For loved ones around the world, let me reassure you: we are okay. Auckland is at the opposite end of the country from Christchurch, almost the distance from Edinburgh, Scotland to London, England. The government recommended that all New Zealand mosques shut their doors yesterday, but there were no indications that other Islamic centers were targeted.
And for those same loved ones, let me tell you: we are not okay. One of the things about living on a small set of islands is that the national feels local. There’s one main TV channel, one main nightly news program, one weather report for the whole country. When radio stations run contests, people call in from all of New Zealand, not just the metro area where the station is based. To be honest, there just aren’t that many of us here, and spread out though we may be, there’s a sense of closeness. It’s a neighborhood that also happens to be a nation.
One of the most difficult things about leaving Minnesota was leaving behind my neighborhoods. Sure, the geographic ones where we complain about I-35W and cold winters and bike lanes, but more importantly, my neighborhoods built around shared values and experiences. I knew where I fit in. I worked hard to be someone who could be counted on to show up. My place in my neighborhoods was defined by what roles I played in them.
I’ve been learning about the indigenous Maori healing arts found in the wisdom of plants familiar and new. I can hardly keep up with all the new vocabulary I’m learning: not just plant names, but the Maori words to express the energy, the connection, the web of interconnected life reflected in and defined by what the earth gives us and how we use it.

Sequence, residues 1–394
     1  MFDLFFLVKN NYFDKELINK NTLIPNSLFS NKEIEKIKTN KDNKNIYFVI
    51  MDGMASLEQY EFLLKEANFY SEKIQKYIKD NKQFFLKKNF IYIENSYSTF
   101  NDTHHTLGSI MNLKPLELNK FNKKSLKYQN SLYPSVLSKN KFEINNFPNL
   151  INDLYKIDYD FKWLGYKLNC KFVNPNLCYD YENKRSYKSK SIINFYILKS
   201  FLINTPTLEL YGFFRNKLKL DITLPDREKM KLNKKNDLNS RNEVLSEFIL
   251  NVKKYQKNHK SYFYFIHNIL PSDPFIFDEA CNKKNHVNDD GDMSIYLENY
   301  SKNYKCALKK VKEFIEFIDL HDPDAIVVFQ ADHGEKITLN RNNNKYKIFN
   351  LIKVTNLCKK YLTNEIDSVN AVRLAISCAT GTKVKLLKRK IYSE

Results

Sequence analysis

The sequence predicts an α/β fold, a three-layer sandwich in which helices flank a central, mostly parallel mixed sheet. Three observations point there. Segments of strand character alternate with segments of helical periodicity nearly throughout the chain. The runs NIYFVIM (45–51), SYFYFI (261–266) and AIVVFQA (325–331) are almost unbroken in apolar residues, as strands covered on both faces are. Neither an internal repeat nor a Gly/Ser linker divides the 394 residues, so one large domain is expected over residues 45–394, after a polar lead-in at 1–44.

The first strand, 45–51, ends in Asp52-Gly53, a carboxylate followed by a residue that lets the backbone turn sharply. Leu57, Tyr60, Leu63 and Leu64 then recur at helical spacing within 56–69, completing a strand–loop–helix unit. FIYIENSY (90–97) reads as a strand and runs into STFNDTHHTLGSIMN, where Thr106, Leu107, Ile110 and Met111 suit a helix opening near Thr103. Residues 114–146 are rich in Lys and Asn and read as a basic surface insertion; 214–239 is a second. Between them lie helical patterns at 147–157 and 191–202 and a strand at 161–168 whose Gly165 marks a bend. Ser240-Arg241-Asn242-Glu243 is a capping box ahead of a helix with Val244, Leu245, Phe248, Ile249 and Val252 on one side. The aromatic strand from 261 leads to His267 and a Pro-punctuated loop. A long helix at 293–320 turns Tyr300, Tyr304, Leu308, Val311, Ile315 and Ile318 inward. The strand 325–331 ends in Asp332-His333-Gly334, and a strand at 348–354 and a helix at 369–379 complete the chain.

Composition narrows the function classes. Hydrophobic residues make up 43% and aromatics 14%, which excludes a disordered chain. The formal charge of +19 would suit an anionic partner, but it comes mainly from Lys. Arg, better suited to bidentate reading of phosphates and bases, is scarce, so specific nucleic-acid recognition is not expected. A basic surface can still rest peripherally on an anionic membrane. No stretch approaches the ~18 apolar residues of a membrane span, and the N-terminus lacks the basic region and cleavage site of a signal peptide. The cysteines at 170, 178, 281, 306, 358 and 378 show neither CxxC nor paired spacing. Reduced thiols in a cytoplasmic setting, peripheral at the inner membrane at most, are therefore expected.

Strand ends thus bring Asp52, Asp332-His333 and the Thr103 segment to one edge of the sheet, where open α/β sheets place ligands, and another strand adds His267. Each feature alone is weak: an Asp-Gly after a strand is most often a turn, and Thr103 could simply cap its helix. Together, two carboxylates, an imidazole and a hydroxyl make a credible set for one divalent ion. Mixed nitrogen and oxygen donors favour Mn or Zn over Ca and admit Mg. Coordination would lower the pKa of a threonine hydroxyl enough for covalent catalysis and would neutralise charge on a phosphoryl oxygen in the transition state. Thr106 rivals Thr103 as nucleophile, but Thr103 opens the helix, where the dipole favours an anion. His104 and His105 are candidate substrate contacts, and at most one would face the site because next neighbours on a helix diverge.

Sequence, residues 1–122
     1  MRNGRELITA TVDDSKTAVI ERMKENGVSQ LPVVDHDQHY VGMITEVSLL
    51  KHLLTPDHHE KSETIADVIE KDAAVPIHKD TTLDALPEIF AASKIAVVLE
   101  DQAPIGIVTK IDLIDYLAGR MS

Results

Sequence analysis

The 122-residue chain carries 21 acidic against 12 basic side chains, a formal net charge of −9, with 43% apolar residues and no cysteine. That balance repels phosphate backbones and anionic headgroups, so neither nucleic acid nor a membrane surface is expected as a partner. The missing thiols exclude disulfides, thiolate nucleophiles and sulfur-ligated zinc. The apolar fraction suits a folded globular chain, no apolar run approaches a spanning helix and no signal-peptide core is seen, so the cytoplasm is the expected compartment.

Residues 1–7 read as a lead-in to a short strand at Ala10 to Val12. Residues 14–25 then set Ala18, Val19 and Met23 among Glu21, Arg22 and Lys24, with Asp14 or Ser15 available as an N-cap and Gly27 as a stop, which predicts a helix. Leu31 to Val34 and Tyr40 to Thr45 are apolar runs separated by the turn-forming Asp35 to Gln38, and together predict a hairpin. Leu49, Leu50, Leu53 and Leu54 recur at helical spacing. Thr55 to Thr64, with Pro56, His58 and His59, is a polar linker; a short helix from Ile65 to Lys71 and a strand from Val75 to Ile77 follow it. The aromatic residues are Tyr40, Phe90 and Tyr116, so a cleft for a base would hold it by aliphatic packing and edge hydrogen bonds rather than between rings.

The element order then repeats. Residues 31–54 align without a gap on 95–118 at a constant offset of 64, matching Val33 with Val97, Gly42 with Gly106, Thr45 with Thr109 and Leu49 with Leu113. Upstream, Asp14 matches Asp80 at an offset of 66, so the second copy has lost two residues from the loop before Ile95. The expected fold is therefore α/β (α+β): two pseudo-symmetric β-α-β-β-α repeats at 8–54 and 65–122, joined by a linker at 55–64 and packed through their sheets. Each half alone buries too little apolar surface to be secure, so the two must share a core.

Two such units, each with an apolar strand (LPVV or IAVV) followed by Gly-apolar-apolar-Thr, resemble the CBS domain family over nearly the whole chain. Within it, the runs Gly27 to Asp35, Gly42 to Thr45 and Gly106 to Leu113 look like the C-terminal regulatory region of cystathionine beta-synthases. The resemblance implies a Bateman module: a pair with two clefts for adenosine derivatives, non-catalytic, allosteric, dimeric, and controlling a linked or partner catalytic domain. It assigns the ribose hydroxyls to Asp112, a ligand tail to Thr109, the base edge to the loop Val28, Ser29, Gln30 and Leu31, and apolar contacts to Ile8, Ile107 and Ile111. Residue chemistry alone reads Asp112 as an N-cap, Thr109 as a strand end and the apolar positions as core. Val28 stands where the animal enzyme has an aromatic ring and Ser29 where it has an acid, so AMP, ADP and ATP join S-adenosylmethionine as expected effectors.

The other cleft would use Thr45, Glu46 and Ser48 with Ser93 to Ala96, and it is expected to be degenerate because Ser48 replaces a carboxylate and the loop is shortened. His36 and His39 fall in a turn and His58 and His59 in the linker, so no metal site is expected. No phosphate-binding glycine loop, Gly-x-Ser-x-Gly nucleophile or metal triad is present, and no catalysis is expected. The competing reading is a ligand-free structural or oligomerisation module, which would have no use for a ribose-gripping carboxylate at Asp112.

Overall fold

Plants are easy. They show us what they are by what they do. A plant that lays low to the ground, flourishes in busy paths where it gets stepped on, and persists because of its tough, shallow network of roots provides external healing for the wear and tear of life. A plant that spends its energy growing a single, deep taproot goes to the heart of an illness. To observe these lessons is to let the plants tell you how you can both rely on them and nurture them.
I’m like those plants: I am what I do. But without knowing my place in the web of things, the neighborhoods of people and communities, I feel shallowly rooted and unsure of my purpose. My transplant isn’t complete, and I can’t add my strength to the healing, the rongoa, it’ll take this country to recover from the shocking arrival of the white supremacist and Islamophobic violence that was an everyday occurrence with everyday excuses back in America. What do I do for people whose fresh shock tinges my weary horror? What do I decide to be to help heal a new home hit with a familiar nightmare?
I am what I do. When we were in the States, I knew what to do to protect and support beloved communities under attack. In New Zealand, I’m still untethered. I have no connections, no place to plug in and say that this hate can be fought and survived, that I’ve seen it happen with my own eyes. So right now, I can’t do anything. What does that make me?